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The Drums – Encyclopedia

on September 23, 2014, 12:03am

To love The Drums is to love contradictions. They sing morose lyrics over bouncing, shimmering, reverb-heavy guitar notes; they describe themselves as “losers,” but they’re far too skilled at their moody, muscled guitar pop for that label to stick. In the past, they’ve drawn (accurate) comparisons to ’80s alternative rock and indie pop giants like The Smiths and New Order, and they haven’t strayed too far away from those influences on their newest effort, Encyclopedia. Lest people accuse them of becoming too comfortable, though, they’ve turned everything up to 11 this time around, just in case anyone, anywhere, couldn’t hear them.

Sad lyrics, even faster guitar strumming, more distortion, more tambourine — it’s all here. Just like Morrissey in the old days, The Drums are at their most fruitful and prolific when they’ve got something to be sad about. Following the international tour for their well-received 2011 album, Portamento, Connor Hanwick split, leaving the other two founding members, Jonny Pierce and Jacob Graham, to try to forge something from the wreckage. Despite rumors of several near-breakups, Encyclopedia, inasmuch as it is about any one thing, is about somehow soldiering on in the face of trepidation and fear.

There are many slices of pop perfection here, and despite bleak song titles like “There Is Nothing Left”, Pierce and Graham bring a kind of adolescent immediacy to setbacks and disappointment. After all, who, after having their heart broken for the very first time, didn’t take a step back for just a second and marvel at the fact that they were even capable of feeling that much? Over a bombastic ’80s drumbeat, cooing backing vocals, and synth flourishes on “There Is Nothing Left”, Pierce sings, “I thought we were important, but we don’t matter at all, at all.” This is the kind of existential crisis that’s typical both of this album and of the Drums’ body of work as a whole. “I wanted to love you, but in my heart there is nothing left,” he concludes.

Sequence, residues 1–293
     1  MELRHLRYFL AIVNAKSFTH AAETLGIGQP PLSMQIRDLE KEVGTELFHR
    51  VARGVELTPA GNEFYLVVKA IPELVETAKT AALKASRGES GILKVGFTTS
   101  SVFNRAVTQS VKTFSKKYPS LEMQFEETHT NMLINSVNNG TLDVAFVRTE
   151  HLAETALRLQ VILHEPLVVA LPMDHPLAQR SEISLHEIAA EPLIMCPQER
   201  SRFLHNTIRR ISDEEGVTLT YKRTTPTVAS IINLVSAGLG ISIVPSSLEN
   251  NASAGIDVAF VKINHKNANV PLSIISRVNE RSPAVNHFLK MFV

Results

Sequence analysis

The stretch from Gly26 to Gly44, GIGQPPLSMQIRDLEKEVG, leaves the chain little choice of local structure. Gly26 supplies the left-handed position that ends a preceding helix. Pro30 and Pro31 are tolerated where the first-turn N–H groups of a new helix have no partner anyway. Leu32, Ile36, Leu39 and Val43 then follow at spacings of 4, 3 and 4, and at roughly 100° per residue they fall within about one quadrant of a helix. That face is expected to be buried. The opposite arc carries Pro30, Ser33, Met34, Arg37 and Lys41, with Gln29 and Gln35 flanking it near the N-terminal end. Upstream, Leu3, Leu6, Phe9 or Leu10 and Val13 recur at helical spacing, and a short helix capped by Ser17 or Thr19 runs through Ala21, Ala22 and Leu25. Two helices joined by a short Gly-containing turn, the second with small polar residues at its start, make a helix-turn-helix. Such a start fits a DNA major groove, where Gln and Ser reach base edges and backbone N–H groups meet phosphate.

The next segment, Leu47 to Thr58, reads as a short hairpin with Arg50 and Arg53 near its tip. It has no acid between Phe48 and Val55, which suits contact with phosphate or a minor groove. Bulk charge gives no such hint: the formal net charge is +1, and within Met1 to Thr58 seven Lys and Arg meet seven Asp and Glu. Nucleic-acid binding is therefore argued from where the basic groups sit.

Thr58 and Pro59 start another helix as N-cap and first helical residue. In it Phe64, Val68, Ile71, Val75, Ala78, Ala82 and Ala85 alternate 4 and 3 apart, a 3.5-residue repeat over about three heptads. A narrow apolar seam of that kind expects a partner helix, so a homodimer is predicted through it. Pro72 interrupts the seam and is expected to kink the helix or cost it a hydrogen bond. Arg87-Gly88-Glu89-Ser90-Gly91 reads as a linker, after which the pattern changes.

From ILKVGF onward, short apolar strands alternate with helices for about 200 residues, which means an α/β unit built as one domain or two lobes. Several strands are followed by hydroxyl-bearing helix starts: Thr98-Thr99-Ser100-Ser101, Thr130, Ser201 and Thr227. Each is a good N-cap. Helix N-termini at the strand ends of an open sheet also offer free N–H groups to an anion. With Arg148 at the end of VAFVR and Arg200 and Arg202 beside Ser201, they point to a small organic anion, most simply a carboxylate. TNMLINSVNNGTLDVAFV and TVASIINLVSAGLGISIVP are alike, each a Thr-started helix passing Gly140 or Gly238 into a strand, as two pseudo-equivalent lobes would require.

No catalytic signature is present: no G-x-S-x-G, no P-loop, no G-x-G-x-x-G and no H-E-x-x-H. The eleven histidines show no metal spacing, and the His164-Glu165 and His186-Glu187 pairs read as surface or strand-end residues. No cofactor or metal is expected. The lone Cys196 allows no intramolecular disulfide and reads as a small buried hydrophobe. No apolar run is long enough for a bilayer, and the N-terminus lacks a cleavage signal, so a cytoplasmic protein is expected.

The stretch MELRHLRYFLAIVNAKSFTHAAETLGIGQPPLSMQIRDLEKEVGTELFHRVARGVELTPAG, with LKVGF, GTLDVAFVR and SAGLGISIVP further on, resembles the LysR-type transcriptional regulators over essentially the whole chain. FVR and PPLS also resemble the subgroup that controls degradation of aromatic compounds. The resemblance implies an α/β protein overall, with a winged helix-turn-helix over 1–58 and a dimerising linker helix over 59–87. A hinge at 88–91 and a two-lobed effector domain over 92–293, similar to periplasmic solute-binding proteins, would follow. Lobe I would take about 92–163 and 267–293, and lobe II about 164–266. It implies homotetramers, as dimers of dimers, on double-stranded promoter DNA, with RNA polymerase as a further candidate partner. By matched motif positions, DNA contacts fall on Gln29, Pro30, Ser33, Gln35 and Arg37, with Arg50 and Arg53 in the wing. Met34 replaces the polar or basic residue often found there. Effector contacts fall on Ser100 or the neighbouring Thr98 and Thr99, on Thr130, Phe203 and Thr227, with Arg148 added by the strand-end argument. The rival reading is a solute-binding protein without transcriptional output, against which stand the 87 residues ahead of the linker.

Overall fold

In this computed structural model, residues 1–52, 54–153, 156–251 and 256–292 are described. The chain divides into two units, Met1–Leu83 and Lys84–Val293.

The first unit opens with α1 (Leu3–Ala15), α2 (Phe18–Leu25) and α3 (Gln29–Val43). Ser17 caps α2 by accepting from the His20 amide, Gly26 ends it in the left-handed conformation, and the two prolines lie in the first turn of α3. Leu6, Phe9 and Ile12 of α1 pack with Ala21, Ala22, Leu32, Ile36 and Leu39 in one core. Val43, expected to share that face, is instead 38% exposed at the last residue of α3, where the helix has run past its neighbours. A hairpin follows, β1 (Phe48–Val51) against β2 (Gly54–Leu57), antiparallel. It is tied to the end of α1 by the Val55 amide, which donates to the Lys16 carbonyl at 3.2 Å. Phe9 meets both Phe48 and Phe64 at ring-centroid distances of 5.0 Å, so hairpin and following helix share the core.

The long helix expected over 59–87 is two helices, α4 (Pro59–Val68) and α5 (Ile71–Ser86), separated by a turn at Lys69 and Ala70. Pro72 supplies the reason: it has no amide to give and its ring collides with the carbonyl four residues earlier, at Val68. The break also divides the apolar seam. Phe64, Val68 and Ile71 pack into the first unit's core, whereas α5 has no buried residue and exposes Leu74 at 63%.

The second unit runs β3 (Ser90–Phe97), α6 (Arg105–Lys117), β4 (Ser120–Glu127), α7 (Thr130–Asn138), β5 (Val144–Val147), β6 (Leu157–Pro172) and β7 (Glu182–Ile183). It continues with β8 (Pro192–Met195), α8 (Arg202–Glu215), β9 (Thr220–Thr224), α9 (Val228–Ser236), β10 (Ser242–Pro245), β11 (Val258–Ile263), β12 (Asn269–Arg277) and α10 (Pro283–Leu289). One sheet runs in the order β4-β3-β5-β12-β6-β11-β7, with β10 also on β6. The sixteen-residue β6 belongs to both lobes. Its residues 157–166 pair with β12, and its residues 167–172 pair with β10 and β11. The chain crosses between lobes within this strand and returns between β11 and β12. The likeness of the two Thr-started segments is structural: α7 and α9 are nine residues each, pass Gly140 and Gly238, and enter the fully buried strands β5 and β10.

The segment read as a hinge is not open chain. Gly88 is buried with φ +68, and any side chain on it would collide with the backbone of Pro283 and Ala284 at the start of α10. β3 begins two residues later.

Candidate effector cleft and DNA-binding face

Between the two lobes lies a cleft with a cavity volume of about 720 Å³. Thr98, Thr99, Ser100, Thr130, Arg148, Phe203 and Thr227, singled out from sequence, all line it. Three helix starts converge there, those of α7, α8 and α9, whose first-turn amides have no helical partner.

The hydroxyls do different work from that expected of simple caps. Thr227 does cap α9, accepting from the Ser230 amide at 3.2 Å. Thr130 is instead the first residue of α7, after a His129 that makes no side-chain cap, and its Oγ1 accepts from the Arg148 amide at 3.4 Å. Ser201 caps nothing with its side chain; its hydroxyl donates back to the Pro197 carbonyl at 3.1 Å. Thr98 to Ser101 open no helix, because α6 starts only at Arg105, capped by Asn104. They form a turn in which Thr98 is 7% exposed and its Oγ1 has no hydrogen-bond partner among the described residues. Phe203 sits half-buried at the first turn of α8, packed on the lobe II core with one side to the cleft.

Despite the dour nature of lyrics like these, Encyclopedia is never hard on the ears for even a second. There are moments, however, that seem cut-and-dry, standard issue. But things start getting weirder and even darker in the latter half of Encyclopedia. The sci-fi soundtrack intro to “Bell Labs” stands out in its simplicity, a stark contrast to the sometimes chaotic synth-vocals-reverb-drums layering of the album’s earlier tracks. “Wild Geese”, the closer, is mellow and comparatively stripped-down, punctuated by whistles and a meandering, laid-back bass line.

Reworking a well-established, well-loved genre is always a tricky business, since the key lies in striking a balance between all of the elements that fans already know and love (in this case, up-tempo melodies, swift, hard-hitting beats, and lots of synth) and finding a way to put a unique watermark on it. “I Can’t Pretend”, the album’s second single, particularly sounds like at least three different songs I’ve heard in the last year or so. (Almost anything from Someone Still Loves You Boris Yeltsin’s 2013 Fly by Wire comes to mind.) This isn’t bad, necessarily, but it sometimes feels too lived-in, too comfortable — after a while, sadness can become easy. In frequent moments on the album, I want the Drums to be a little more angry and a little less mopey, or unrepentant instead of regretful.

Despite the occasionally rote nature of Encyclopedia, you can never doubt for a second that the emotions underpinning every word and every note are genuine. There’s no question that The Drums have mastered the synthpop game; what would be the most interesting now would be to watch them push the boundaries a little and transcend it.

Key tracks: “There Is Nothing Left”, “I Can’t Pretend”, and “Bell Labs”

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